Diving into DevOps
CollabNet and VersionOne Merger Combines DevOps and Agile Expertise
The two companies expect the combined organization to "set a new standard for integrated software delivery," and give them a competitive edge in the rapidly evolving DevOps marketplace.
- By John K. Waters
CollabNet and VersionOne yesterday announced the completion of a merger that will lead to the integration of their product lines into "unified Agile and DevOps platforms." The two companies expect the combined organization to "set a new standard for integrated software delivery," and give them a competitive edge in the rapidly evolving DevOps marketplace.
The combined organization will operate under the CollabNet name and will be headquartered in Atlanta, the companies said in a statement. Current CollabNet CEO Flint Brenton will continue in that role, and VersionOne CEO Robert Holler will serve as chief strategy officer.
Both companies already offered DevOps and Agile solutions, which industry watcher increasingly agree are a natural combination. But CollabNet has a stronger history in enterprise version control and ALM, while VersionOne has a well-established enterprise Agile business. Both companies recently, and independently, began moving into the DevOps space. Joining forces supports the companies' shared vision that Agile and DevOps are interconnected practices that need to be managed with a single mindset and tool stack, Holler told me.
"We've both been going down our respective paths for 10 or 15 years," Holler said. "We took the Agile path and CollabNet took the traditional software development path. And we've both recently headed down the DevOps path. At the end of the day it just made sense for use to make this trip together."
There's likely to be some overlap in their product and services catalogs, but Holler insisted the two companies' technologies are largely complementary: VersionOne brings the release orchestration and management piece; CollabNet brings release automation, plus event monitoring, and operational and event management.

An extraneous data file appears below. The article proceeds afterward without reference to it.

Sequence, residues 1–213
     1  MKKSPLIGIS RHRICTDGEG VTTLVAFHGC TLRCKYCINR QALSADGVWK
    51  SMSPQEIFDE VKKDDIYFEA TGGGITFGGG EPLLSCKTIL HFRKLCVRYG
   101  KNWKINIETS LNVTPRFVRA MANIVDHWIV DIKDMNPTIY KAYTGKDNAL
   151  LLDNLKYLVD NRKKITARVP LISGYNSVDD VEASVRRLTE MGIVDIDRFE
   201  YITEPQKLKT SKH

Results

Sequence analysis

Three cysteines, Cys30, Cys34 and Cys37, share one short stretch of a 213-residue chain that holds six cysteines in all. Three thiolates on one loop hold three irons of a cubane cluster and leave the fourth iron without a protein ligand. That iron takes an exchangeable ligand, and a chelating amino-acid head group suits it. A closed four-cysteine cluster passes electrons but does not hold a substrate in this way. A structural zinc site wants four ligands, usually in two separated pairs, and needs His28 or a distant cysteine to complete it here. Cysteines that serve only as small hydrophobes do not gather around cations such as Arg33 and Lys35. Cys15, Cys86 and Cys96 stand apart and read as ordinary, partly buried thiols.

"This will be about the integration of an open solution that can work with our two companies' products," Holler said. "But also, one that can work with the swirl of products in this very fragmented tool soup we see out there today."
The companies' technologies won't be fully integrated overnight, Holler allowed, but he promised a seamless transition for existing customers as that process continues over several months. He also pointed to some near-term "solution synergies" among the companies' existing products, including:
- TeamForge and VersionOne ALM Connect gives TeamForge customers visibility and traceability of the flow of data and artifacts across ALM tools, including VersionOne Lifecycle .
- TeamForge and VersionOne Continuum gives TeamForge customers the ability to automatically package and deploy applications, and to provide visibility and traceability across the continuous delivery pipeline.
- VersionOne Lifecycle and TeamForge SCM provides VersionOne Lifecycle customers with enterprise-grade, Web-based code review and source control management capabilities .
- VersionOne Continuum and CollabNet DLM provides both product customers with value stream monitoring, measuring, tool chain orchestration, traceability, and lean performance management metrics and KPIs.
CollabNet upped its DevOps game late last year with a new product (DevOps Lifecycle Manager--DLM) and a partnership with Clarive Software, a Spain-based provider of DevOps software and services. The Brisbane, Calif.-based company was acquired in 2014 by Vector Capital.
John has been covering the high-tech beat from Silicon Valley and the San Francisco Bay Area for nearly two decades. He serves as Editor-at-Large for Application Development Trends (www.ADTMag.com) and contributes regularly to Redmond Magazine, The Technology Horizons in Education Journal, and Campus Technology. He is the author of more than a dozen books, including The Everything Guide to Social Media; The Everything Computer Book; Blobitecture: Waveform Architecture and Digital Design; John Chambers and the Cisco Way; and Diablo: The Official Strategy Guide.